A diverse engineering workforce is essential as engineering does not serve just one group of similar people; it serves a diverse group. Having leadership and engineers with different backgrounds and experiences is one of the best ways to serve these communities.

How do you engage other men to become advocates, recognize and want to support these initiatives?

I encourage them to try and sponsor or mentor someone from an underrepresented group, whether it’s at work or a professional organization. Joining a diversity and inclusion group, or attending events related to the topic can help as well. I’ve found that many times, we’re just not aware of our own biases until we try to learn about them and to actively listen and empathize with those who have experienced inequalities.

How do you cultivate conversations in the professional environment about diversity and inclusion?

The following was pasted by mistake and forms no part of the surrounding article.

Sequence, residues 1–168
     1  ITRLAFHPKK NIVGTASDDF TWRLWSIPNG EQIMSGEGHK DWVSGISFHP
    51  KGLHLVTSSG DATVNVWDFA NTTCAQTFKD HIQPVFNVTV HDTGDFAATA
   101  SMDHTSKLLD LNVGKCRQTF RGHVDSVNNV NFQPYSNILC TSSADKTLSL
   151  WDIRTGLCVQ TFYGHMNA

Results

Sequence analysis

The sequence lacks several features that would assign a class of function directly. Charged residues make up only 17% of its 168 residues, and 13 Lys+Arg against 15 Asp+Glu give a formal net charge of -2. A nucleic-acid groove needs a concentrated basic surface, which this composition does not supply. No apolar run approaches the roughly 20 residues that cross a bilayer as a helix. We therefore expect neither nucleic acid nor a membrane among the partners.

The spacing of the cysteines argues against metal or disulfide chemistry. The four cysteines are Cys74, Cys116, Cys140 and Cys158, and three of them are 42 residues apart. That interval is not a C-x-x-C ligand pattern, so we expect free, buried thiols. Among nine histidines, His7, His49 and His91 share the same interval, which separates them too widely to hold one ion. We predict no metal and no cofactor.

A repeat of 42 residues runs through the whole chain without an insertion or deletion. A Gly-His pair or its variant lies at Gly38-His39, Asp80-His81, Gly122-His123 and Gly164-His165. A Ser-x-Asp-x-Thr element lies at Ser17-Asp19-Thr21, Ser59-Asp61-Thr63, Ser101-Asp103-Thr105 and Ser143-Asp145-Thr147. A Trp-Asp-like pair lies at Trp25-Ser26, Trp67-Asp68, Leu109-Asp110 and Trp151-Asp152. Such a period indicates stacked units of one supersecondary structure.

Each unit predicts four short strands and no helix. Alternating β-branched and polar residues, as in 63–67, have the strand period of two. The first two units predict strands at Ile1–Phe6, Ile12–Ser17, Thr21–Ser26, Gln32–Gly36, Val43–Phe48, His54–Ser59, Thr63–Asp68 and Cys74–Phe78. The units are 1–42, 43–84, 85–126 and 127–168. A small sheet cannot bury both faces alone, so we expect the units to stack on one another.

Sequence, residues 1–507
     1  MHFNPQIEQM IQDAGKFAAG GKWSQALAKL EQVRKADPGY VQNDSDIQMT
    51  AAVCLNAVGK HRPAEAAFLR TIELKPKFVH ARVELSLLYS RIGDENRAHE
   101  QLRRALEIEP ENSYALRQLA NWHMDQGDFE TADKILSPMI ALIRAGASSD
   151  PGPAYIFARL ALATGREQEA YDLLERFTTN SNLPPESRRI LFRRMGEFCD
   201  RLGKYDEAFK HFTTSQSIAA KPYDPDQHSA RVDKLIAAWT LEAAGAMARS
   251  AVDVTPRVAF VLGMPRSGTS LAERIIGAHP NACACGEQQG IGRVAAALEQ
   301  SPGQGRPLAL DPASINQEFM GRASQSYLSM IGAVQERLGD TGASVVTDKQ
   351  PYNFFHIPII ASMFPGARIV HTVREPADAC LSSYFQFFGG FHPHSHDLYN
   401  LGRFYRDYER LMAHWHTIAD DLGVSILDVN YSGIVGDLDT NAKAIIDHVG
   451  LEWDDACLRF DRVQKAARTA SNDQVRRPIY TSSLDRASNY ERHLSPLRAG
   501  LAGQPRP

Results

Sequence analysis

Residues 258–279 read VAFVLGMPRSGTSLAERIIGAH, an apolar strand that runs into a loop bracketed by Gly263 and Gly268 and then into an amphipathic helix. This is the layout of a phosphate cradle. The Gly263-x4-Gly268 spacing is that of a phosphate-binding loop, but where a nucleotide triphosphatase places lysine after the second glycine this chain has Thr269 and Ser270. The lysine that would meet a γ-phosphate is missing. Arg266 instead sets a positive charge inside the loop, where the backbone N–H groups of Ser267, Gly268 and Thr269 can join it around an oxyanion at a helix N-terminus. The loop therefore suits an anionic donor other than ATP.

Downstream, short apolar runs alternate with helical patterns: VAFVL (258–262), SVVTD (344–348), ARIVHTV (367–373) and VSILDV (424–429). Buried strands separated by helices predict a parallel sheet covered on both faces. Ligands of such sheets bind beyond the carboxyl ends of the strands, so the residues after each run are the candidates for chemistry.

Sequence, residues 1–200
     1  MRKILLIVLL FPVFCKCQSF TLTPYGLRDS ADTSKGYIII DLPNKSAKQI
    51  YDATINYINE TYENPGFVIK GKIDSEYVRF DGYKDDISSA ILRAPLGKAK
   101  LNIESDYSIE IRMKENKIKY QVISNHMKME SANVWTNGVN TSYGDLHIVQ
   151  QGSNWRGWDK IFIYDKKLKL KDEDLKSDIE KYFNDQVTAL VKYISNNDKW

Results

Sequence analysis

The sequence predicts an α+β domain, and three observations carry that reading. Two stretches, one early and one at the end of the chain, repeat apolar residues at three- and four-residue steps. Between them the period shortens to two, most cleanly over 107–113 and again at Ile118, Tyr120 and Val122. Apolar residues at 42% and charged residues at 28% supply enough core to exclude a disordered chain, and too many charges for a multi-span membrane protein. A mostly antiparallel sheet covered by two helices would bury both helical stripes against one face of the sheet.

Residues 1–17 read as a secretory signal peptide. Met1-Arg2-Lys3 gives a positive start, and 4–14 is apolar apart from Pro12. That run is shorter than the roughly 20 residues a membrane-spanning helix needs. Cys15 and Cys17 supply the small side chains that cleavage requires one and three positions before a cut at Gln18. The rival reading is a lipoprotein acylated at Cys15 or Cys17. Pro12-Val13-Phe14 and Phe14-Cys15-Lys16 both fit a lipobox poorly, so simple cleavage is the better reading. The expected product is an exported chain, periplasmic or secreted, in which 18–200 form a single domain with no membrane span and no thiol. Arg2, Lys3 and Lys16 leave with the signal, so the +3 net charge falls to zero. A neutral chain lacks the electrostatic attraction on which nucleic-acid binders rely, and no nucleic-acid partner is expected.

Bringing diverse ideas to the table or asking if an activity might exclude anybody is a way to subtly have colleagues think about and have conversations about diversity and inclusion. For example, a happy hour at a bar may be one way a group of people celebrate, but what about the individuals that don’t drink? When ordering food, what about the individuals who have dietary restrictions? Do some individuals have religious or cultural practices that day, such as fasting? Will they feel excluded? Asking yourself and your team these types of questions during hiring, promotion, and when assigning projects can also help cultivate these conversations.

For an additional perspective on what it means to be an ally, check out this article by Anthony Gold: What Does It Mean to be a Male Ally?